Kant's Response To The Enlightenment

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CANDIDE AND ENLIGHTENMENT In this essay, I will read Candide in the light of Enlightenment philosophy and also with reference to Kant's answer to the question “What is Enlightenment?” Although Candide (1759) and the short essay by Kant “What is Enlightenment?” were written during different decades of eighteenth century but both of them reflect the age of Enlightenment in their works. This essay is divided into two parts: Part I discusses about the age of the Enlightenment and Kant's essay on Enlightenment, Part II discusses Candide in the context of Part I where Voltaire’s views against optimism and his character Candide's journey towards the Enlightenment are discussed. I The Age of Enlightenment also known as the Age of Reason is a name given to the period of Western Civilisation that followed the Renaissance. The Enlightenment occurred roughly from mid of 17th Century upto the end of 18th century. In the words of M. H. Abrams, “The name Enlightenment applied to an intellectual movement and cultural ambience which developed in…show more content…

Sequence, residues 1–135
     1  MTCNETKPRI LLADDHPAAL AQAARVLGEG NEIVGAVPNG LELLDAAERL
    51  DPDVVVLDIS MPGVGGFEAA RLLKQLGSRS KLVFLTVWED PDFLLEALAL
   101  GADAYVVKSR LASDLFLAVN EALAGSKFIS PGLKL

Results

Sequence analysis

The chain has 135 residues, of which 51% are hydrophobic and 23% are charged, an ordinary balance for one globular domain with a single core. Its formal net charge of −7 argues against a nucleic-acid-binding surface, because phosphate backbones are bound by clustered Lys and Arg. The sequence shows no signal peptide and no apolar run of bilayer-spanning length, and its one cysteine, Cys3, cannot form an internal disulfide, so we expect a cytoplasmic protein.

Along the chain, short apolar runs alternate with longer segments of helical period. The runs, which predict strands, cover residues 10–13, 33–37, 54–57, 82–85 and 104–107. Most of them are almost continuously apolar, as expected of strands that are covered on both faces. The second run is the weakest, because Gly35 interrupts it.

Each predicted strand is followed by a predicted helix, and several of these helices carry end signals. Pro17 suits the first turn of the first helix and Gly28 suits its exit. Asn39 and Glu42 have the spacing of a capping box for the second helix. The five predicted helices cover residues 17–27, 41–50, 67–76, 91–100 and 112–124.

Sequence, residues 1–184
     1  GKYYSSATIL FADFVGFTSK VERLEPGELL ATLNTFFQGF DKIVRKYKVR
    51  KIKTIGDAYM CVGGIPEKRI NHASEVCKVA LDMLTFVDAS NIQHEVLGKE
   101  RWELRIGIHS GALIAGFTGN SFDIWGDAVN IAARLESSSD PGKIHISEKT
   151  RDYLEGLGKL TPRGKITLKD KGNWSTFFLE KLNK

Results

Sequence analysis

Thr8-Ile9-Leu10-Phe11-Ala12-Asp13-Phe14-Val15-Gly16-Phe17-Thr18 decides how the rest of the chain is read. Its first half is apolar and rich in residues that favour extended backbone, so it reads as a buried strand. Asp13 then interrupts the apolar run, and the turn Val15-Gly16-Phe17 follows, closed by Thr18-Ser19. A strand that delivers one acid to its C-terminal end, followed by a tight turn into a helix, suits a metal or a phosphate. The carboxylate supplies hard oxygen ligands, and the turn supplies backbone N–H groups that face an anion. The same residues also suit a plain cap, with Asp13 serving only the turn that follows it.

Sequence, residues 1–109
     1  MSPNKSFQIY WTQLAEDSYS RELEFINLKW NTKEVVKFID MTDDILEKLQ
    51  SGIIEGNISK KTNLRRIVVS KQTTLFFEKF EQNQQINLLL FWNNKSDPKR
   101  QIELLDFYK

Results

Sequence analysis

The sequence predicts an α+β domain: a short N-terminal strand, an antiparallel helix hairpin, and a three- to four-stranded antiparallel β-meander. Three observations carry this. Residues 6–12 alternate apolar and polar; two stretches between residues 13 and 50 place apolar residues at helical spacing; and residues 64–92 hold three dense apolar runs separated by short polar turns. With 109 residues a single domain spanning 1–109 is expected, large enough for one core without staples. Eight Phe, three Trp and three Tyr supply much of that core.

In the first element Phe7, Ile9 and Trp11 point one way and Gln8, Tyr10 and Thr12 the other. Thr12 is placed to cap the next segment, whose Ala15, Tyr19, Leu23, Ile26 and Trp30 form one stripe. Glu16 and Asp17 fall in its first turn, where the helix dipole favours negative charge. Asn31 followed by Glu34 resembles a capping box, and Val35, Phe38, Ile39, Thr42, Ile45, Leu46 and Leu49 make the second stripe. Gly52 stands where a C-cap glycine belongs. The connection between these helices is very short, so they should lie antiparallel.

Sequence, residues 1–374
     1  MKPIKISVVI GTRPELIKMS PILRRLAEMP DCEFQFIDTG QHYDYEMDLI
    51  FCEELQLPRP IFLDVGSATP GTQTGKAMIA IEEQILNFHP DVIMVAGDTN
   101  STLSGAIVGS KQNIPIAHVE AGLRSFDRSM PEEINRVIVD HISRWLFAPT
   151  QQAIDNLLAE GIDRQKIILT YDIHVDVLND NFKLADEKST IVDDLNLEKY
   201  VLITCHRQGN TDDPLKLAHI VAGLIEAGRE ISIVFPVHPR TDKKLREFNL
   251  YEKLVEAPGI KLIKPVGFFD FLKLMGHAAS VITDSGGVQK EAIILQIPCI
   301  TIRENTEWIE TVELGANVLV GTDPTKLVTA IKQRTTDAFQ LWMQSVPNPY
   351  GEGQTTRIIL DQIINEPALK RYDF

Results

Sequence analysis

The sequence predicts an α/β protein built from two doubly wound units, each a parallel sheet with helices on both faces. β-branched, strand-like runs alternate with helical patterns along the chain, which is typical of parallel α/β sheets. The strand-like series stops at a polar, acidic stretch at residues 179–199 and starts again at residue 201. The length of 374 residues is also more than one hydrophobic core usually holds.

The philosophy of Enlightenment has been most famously summarised in Immanuel Kant's essay, “An Answer to the Question: What is Enlightenment?” Kant's answer in 1784 to the question what is Enlightenment? Is that it is a “human being's emergence from his self-incurred tutelage” which is the inability to use one's own understanding without direction from another.” The immaturity is self-incurred when it is caused not by lack of mental capacity but by the lack of resolution. Kant urges each of us to refuse to remain under tutelage of others. In Kant's opinion, we must think and decide for ourselves. He writes, “I don't need to rely on a love which understands for me, a pastor who has conscience for
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